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Justin Ethier
Justin Ethier

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Tail Call Optimization by Base Jumping off the Stack

Tail calls are the only means of iteration in most functional languages. So implementation support is absolutely critical.

For example, Scheme requires tail call optimization as part of its language specification (PDF):

3.5 Proper tail recursion

Implementations of Scheme are required to be properly tail-recursive. A Scheme implementation is properly tail-recursive if it supports an unbounded number of active tail calls. A call is active if the called procedure might still return.

Over the years various solutions have been developed to meet this requirement such as trampolines, goto's, compiler optimizations, etc. One of the most unusual was proposed by Henry Baker in his paper CONS Should Not CONS Its Arguments, Part II: Cheney on the M.T.A. (PDF).

Cheney on the M.T.A.

Cheney on the M.T.A. requires writing a compiler and runtime. Code is converted into continuation passing style and compiled into a series of C functions. When the program runs these functions are called like normal C functions but they never return. The stack keeps growing and growing...

The program periodically checks to see if a stack size limit is reached. When that happens a Cheney copying garbage collector is used to copy live data from the stack to the heap. Once all the live objects on the stack are copied the program calls longjmp to go back to the bottom of the stack, calls into the next function, and keep going.

One way to think of this is that instead of using a trampoline we are going to BASE jump off the stack every so often:

Image description

On the one hand this is kind of insane 😮. Programs are not supposed to work this way!

Then again, recursive calls are guaranteed to never cause a stack overflow because everything is periodically cleared from the stack. Thus Cheney on the M.T.A guarantees tail call optimization.

In fact this approach provides all the "hard" stuff that a functional programming language runtime needs - tail call optimization, generational garbage collection, and continuations.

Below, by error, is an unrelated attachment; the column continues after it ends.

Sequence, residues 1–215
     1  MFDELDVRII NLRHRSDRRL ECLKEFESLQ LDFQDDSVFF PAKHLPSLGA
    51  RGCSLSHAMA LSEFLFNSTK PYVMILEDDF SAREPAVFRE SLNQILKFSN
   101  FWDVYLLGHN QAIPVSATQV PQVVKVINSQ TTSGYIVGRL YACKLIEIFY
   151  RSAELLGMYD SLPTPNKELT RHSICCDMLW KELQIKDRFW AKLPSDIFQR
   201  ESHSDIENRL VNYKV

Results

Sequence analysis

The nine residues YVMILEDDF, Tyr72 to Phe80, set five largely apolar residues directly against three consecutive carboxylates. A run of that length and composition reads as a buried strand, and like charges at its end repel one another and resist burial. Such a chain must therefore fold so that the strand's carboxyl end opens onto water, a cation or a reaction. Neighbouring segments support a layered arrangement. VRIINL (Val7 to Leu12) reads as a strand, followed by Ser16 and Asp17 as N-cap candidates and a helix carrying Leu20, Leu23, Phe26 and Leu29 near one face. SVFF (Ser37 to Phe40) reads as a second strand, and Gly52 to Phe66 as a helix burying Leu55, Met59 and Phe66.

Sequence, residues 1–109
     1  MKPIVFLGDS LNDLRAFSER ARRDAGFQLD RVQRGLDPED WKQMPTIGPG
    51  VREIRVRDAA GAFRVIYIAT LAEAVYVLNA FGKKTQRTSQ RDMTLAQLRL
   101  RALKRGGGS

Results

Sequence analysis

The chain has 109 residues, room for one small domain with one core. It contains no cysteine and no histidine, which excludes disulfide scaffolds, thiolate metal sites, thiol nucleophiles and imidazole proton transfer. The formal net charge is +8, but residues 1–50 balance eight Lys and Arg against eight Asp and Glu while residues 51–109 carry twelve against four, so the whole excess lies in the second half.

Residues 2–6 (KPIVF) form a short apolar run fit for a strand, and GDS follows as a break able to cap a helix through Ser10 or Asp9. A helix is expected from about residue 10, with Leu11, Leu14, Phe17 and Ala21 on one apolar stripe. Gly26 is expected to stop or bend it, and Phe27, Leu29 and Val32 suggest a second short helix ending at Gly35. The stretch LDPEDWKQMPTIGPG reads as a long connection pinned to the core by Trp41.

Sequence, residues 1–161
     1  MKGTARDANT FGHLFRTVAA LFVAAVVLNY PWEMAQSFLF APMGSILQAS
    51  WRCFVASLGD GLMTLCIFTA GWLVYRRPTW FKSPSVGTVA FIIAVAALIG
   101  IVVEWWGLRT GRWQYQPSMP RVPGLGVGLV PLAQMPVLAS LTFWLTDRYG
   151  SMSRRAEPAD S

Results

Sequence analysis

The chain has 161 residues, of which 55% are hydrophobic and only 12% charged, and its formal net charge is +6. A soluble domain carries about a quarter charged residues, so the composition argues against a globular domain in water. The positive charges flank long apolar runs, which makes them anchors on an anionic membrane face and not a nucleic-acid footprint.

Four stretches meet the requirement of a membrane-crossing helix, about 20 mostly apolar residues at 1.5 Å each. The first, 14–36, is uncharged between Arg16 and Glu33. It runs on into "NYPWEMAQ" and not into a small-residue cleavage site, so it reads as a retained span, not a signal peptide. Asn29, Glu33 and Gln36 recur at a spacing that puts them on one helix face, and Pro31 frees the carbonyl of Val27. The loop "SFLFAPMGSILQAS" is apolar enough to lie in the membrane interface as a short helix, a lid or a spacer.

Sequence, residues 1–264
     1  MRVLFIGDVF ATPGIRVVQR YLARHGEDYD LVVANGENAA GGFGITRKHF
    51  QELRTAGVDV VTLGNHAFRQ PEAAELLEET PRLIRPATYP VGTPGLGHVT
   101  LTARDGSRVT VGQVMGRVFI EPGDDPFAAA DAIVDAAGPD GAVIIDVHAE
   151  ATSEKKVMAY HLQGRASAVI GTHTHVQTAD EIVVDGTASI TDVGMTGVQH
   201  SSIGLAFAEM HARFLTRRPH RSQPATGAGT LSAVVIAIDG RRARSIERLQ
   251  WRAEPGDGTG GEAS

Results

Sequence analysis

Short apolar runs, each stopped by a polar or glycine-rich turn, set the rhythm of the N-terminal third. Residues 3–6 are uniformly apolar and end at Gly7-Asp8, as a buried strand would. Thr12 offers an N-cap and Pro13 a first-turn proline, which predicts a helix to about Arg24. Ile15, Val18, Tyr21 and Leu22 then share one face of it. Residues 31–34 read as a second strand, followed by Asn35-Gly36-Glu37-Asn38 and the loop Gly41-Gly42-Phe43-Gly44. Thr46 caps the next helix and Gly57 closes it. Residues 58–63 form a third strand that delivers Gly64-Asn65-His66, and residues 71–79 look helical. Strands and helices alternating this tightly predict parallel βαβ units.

Here are code examples from Cyclone Scheme demonstrating how Cheney on the M.T.A works in practice.

Cyclone's runtime uses the following function to set up a new trampoline. The bottom of the stack is explicitly marked using setjmp. After a garbage collection code will resume execution on the next line after setjmp. At that point the code finds the next function - gc->cont, our continuation - and calls into it:

void Cyc_start_trampoline(gc_thread_data * thd)
  // Tank, load the jump program

  if (obj_is_not_closure(thd->gc_cont)) {
    Cyc_apply_from_buf(thd, thd->gc_num_args, thd->gc_cont, thd->gc_args);
  } else {
    closure clo = thd->gc_cont;
   (clo->fn)(thd, clo, thd->gc_num_args, thd->gc_args);

  fprintf(stderr, "Internal error: should never have reached this line\n");
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The snippet below demonstrates how C functions may be written using Baker's approach. All compiler-generated and primitive functions that call into other functions must be written in this style:

object Cyc_make_vector(object cont, object len, object fill) {
  object v = NULL;
  int i;

  // Memory for vector can be allocated directly on the stack
  v = alloca(sizeof(vector_type));

  // Populate vector object
  ((vector)v)->tag = vector_tag;

  // Check if GC is needed, then call into
  // continuation with the new vector
  return_closcall1(cont, v);
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A macro return_closcall1 is used to check if the stack limit has been reached - if so a minor collection is triggered via GC(). Otherwise another macro closcall1 is used to call into the next function:

#define return_closcall1(td, clo, a1) {
 char top;
 object buf[1]; buf[0] = a1;
 if (stack_overflow(&top, (((gc_thread_data *)data)->stack_limit))) {
     GC(td, clo, buf, 1);
     return; // Never reached
 } else {
     closcall1(td, (closure) (clo), buf);                                      
     return; // Never reached
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And here is GC, the wrapper for Cyclone's minor garbage collector. The code retrieves locations of the top/bottom of the stack, calls into gc_minor to collect objects using Cheney's algorithm, and the calls longjmp to base jump back to the start of the trampoline:

void GC(void *data, closure cont, object * args, int num_args)
  char tmp;
  object low_limit = &tmp;      // This is one end of the stack...
  object high_limit = ((gc_thread_data *) data)->stack_start;

  int alloci = gc_minor(data, low_limit, high_limit, cont, args, num_args);

  // Let it all go, Neo...
  longjmp(*(((gc_thread_data *) data)->jmp_start), 1);
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There is enough going on it gc_minor that it is outside the scope of this article. But the code is available on GitHub if you are curious.

Wrapping Up

That's all for now. Thanks for reading! 🎉

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